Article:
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The retooling of manufacturing plants where all the machinery itself...conveyors, drill bits, presses, robotic arms, stampers, punches, molds, and so on. My dad was a machinist, and I've been inside a few large can factories and seen what's involved, so I can guess just how large and effort this would have been at the prime of our manufacturing years.

Also, think of the billions of dollars of tools that would be obsoleted. In this case I mean tools like wrenches and the like. Most Americans probably keep two sets, one standard and one metric, but this would still be pretty costly.

Maybe a business that remachines tools wouldn't be a bad thing to invest in right about now. In fact I'm patenting or copyrighting or trademarking or whatever applies that idea right now, with the company name RetroFitz. Hope this is legally binding. Do invest when I go public


Someone mentioned signs...yeah that's a huge cost too but they are replaced relative often anyway in most areas and they could probably be allowed to wait...after all car speedometers would still show both for a while too.

What else would cost and have to be phased out? Cars. Motorcycles. Medical equipment? Things like that?

Yeah there would be overlap for a good long while where we'd have to keep some tools around to be able to repair the standard.



posted on Jun, 25 2010 @ 03:21 AM
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I know why we don't go metric... I was around back in the 1970s when we tried to convert the first time around, and it failed miserably.

Americans at any level are not "thick", nor are we unable to learn.

We are NOT WILLING to convert.

It jumped out at you at every level. I remember my parents trying to convert a bushel into a metric equal....didn't work. Same with measurements and everything else. Construction industry would go crazy, same with agriculture...

People made an effort, but then you had to re-explain the transaction and convert back into feet , square footage, and bushels,....most just said to heck with it...

There was such a backlash...especially politically, the effort was quickly nixed. The most successful venture in metrics and actually, the only holdover from the Carter Administration's push for metrics.....

the 2 liter soft drink bottles. I'd be willing to bet that it didn't help Carter either.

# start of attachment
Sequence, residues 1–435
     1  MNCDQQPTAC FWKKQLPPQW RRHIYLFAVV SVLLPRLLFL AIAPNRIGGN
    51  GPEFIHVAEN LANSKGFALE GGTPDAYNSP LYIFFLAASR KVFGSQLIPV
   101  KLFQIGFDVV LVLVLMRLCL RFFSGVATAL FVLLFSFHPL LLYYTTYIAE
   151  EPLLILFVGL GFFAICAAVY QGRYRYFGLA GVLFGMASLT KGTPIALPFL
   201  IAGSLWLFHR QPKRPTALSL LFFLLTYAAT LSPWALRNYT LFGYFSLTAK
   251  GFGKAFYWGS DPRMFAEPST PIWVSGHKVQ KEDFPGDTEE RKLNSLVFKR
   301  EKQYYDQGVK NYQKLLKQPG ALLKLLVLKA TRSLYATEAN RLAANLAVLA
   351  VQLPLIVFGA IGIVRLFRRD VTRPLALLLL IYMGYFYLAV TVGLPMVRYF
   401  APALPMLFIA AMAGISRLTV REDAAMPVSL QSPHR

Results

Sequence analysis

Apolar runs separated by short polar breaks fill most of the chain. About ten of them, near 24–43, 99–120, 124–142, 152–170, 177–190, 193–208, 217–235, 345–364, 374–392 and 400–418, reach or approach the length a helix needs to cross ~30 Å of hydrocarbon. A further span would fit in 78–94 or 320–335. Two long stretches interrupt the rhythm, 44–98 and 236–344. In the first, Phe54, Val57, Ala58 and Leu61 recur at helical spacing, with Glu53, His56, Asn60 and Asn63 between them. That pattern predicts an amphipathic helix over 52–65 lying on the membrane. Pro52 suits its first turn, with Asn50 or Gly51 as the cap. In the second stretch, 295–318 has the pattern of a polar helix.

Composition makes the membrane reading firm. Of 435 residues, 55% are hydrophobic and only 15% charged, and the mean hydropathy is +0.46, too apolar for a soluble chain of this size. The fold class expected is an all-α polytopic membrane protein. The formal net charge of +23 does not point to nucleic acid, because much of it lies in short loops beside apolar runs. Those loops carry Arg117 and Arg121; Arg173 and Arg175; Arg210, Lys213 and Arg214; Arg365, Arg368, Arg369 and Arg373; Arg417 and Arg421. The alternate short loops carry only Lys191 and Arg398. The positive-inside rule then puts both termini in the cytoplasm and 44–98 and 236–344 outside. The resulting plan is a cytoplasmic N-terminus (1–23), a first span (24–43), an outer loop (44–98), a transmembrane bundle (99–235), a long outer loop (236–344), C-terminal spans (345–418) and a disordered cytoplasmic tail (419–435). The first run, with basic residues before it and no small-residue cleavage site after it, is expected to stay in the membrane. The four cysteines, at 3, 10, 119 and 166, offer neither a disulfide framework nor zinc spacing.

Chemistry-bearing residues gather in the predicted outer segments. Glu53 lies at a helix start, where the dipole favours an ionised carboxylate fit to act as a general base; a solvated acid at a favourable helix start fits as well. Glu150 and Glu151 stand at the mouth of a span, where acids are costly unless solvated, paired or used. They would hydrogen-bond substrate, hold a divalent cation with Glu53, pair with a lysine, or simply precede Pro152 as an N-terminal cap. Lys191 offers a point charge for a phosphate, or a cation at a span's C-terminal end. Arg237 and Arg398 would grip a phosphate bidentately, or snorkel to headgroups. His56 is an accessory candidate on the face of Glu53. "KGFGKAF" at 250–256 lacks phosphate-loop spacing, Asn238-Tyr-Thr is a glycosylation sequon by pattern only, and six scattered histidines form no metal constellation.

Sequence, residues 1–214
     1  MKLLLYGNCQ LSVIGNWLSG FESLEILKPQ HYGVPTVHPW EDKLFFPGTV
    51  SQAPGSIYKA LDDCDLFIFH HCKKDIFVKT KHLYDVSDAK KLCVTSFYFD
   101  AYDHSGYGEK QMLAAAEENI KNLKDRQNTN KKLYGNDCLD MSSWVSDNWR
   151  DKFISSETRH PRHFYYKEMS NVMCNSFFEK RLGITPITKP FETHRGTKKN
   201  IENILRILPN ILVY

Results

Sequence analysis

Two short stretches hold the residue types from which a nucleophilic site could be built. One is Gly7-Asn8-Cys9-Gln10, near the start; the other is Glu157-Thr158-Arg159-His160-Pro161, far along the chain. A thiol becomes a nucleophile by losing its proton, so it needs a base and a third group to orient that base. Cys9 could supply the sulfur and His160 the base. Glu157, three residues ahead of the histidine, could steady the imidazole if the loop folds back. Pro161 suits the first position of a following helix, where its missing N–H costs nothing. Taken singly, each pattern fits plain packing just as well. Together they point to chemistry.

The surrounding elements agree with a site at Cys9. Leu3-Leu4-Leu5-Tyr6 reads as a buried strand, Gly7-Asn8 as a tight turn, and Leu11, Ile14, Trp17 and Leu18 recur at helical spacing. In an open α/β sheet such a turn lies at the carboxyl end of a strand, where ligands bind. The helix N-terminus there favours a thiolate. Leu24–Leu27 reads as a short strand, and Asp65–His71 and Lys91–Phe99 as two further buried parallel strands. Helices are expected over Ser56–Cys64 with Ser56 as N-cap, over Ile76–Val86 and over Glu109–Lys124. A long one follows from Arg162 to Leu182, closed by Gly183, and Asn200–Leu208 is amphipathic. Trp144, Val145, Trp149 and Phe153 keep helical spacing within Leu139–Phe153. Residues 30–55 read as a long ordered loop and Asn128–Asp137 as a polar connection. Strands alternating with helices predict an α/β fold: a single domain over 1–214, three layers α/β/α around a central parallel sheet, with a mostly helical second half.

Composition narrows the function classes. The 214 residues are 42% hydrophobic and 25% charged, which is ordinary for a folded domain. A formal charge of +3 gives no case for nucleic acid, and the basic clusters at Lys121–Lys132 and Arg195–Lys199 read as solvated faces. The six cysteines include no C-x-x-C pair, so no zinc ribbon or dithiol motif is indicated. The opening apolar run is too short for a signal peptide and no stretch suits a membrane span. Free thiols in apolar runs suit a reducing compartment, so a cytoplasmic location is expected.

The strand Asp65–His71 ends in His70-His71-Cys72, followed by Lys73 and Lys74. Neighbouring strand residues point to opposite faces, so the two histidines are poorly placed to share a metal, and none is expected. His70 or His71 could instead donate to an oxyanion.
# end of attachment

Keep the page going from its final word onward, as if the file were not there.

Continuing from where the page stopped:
posted on Jun, 25 2010 @ 03:27 AM
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reply to post by ~Lucidity
 


Totally agreed but Australia is mostly metric but we do still have imperial measurements in industry.
For the reasons you mention..



posted on Jun, 25 2010 @ 03:31 AM
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reply to post by AlreadyGone
 


Thats wierd...Here it obviously took time..
I was still looking at temps in celcious and coverting back to the old fahrenheit, but eventually you learn.

But weights, distance and currency are so much easier in metric.



posted on Jun, 25 2010 @ 03:32 AM
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Originally posted by GENERAL EYES


Well, never let it be said that Americans are keen to the idea of having foreign rulers.

Give them an inch and they'll insist on 2.54 centimeters!


Stereotypical American arrogance (and horrible puns aside) - I honestly have no idea.

Great question!



*edit - clean up on Aisle 6.

[edit on 6/25/10 by GENERAL EYES]


I'd insist on 30.48 cm.



I like the imperial system for liquid measurement. I just don't like the liter for some reason. It just does not seem to fit well in everyday liquid measurements, IMO. Though if gas where $2 a liter I might change my mind in that instance.

I don't mind the metric linear measurement system for most things. The mile will not go away though. It will always have great use in navigation.

You know, I've always wondered if it is more thrilling to drive at 300 kph or at 186.41 mph.



posted on Jun, 25 2010 @ 03:32 AM
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Originally posted by virgom129
America is the last modern country that refuses to go metric. Why?
I'm in Australia and we went metric in 1969.

Does the US want to hold on to the old system when metric is so much easier to learn and calculate?

I know it costs a lot to change all signage and equipment but why is the US the only Western Power that refuses to change??

lamar.colostate.edu...


Why doesn't the rest of the world realize that the now American standards are better in some ways? I agree that the metric system actually allows for greater variations in weights and measures. Millimeters is more precise than ounces. However, when it comes to temperature readings, Farenheit readings are more precise than Centigrade. I can say it's about 30 degrees C, but Farenheit gives me a closer evaluation of temperature.

Meanwhile, pounds, ounces, quarts are very familiar to Americans.

And also consider, in the U.S. mechanics need to now have both the SAE and metric tools. That means more tools and more money for the manufacturers.

I think Americans refuse to adapt to the metric system because it means being like everyone else, and the U.S. was based upon individuality and the refusal for the status quo. It helps Americans to believe they are different, and thus, better.

I think George Orwell explained it in 1984. A guy was in a bar and ordered a beer. His complaint was that he knew his limit when it came to a pint, but now he had to order a beer that was either less than what he was used to, or it was much larger than he was used to. He either got not enough, or he got too much and had to pee more. LOL.